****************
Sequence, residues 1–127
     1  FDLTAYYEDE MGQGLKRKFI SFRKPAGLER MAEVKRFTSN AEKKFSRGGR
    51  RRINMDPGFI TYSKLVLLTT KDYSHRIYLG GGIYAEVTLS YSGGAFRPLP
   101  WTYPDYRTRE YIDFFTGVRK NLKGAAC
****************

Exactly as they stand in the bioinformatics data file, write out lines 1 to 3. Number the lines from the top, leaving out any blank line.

Sequence, residues 1–127
     1  FDLTAYYEDE MGQGLKRKFI SFRKPAGLER MAEVKRFTSN AEKKFSRGGR
    51  RRINMDPGFI TYSKLVLLTT KDYSHRIYLG GGIYAEVTLS YSGGAFRPLP